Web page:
Let Us Now Praise: ‘Warm Bodies’ Director Jonathan Levine

'Warm Bodies' filmmaker Jonathan Levine works with leads Teresa Palmer, Nicholas Hoult and John Malkovich on the set.

Imagine Nicholas Sparks writing an episode of The Walking Dead and you have a good sense of the genre-twisting romance that’s Warm Bodies. Writer/director Jonathan Levine adapts Isaac Marion’s YA novel about a teen zombie named R (Nicholas Hoult) who falls in love with a pretty blonde girl named Julie (Teresa Palmer). The unexpected romance re-energizes R’s lifeless heart as well as change the current zombie apocalypse.

YA leads Nicholas Hoult (The Beast in X-Men: First Class) and Teresa Palmer (the feisty Number 6 in I Am Number Four) generate plenty of sparks despite their character differences but the Warm Bodies spotlight belongs to Levine, a mid-career filmmaker with a modest profile who deserves more acclaim than what usually comes his way. His movies are also worthy of added anticipation, well, at least I think so.

Levine is a filmmaker who re-invigorates genres with spunk and a playful lack of caution. After wowing 2006 Toronto International Film Festival audiences with his gory, sly horror film All the Boys Love Mandy Lane (introducing moviegoers to Amber Heard) and exciting Sundance crowds with his follow-up, the high-energy coming-of-age tale The Wackness, Levine makes Warm Bodies a fun-loving zombie movie that audiences will find impossible to resist.

Arguably, Levine’s prestige project is his somewhat solemn cancer drama 50/50 featuring Joseph Gordon-Levitt as the cancer survivor, Seth Rogen as his best bud and Anna Kendrick as the therapist who captures his heart. I like 50/50 a great deal and yet, in my mind, Levine is at his best when he’s tweaking less-serious genre tales and giving them an irreverent spin.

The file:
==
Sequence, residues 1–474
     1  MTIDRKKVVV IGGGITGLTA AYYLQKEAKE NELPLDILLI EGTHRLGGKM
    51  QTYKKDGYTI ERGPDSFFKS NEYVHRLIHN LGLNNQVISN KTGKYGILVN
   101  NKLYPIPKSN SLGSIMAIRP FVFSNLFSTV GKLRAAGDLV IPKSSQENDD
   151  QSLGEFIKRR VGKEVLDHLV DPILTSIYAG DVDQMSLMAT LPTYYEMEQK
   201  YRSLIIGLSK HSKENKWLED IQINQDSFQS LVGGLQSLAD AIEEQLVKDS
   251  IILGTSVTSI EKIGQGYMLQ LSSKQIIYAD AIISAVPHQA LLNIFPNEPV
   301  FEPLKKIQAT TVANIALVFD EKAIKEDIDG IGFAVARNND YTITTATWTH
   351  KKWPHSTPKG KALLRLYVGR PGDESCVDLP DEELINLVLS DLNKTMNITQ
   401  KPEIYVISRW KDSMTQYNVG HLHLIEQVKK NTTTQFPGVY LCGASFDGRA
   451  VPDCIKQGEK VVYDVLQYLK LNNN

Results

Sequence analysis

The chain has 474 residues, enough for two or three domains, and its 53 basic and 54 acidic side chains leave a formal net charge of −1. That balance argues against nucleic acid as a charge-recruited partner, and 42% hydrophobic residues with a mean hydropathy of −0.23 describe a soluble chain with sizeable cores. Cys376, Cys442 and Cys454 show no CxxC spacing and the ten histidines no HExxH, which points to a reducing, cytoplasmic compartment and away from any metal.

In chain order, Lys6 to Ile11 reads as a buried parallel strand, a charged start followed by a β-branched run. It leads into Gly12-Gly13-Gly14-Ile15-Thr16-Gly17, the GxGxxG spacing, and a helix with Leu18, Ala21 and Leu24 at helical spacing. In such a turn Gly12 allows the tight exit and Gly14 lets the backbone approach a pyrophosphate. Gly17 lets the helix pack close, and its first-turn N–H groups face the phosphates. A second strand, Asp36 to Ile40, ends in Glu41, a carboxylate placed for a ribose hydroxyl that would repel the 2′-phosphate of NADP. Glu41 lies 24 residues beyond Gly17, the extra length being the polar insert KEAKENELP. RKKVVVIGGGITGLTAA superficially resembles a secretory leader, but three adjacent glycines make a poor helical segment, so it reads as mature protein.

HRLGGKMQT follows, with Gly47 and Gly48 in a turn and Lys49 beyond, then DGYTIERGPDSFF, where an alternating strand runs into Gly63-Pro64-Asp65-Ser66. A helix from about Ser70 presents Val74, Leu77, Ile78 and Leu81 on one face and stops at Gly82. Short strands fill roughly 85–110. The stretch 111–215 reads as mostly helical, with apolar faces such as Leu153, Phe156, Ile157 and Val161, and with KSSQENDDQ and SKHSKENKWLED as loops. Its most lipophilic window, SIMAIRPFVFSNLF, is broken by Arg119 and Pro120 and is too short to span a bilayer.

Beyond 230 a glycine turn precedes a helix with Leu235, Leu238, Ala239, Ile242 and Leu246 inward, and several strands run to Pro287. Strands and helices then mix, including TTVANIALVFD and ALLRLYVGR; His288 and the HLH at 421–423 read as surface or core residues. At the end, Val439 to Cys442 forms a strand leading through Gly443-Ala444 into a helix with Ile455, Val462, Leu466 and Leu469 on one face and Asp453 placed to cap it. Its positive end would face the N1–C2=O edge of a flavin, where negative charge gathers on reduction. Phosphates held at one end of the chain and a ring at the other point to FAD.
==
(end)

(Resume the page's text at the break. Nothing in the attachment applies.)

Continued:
Maybe I’m biased because I continue to have strong memories of the Midnight Madness premiere for All the Boys Love Mandy Lane, the overnight acquisition competition for its film rights as well as the climactic battles over its final edit.

I also remember energized, Sundance chats with Levine and his cast at Village at the Lift brand houses after the premiere of The Wackness and the hubbub over Mary-Kate Olsen’s make-out scene with veteran actor Ben Kingsley. If you’re wondering, Mary-Kate gives Sir Ben a Big Thumbs-Up on the Kissing Chart.

So Levine is something of an expert at silly movies and one of those rare storytellers who can powerfully engage YA moviegoers. He’s no Awards Season favorite like Ben Affleck, who’s clearly engaged with more serious fare. He’s not a future Martin Scorsese. Levine is silly, whimsical and one of those rare adults who holds on to that childlike spirit of wonder that so many veteran creative lose over time.

After all, only a kid at heart could make Warm Bodies, something of a twisted fairy tale between a pretty girl and her zombie boyfriend with an army of killer skeletons trying to break them apart for good.

Movies like Warm Bodies will never make Jonathan Levine an Awards Season competitor to directors like Ben Affleck but it will make him a star to young audiences, which is a rare achievement.

Warm Bodies, from Summit Entertainment, is currently in theaters nationwide.

Cast: Nicholas Hoult, Teresa Palmer, Analeigh Tipton, Rob Corddry and John Malkovich

       Screenwriter: Jonathan Levine, based on the novel by Isaac Marion

       Composer: Marco Beltrami and Buck Sanders

       Cinematographer: Antonio Riestra

       Producers: Make Movies, Mandeville Films

       Rating: PG-13

       Running time: 97 minutes

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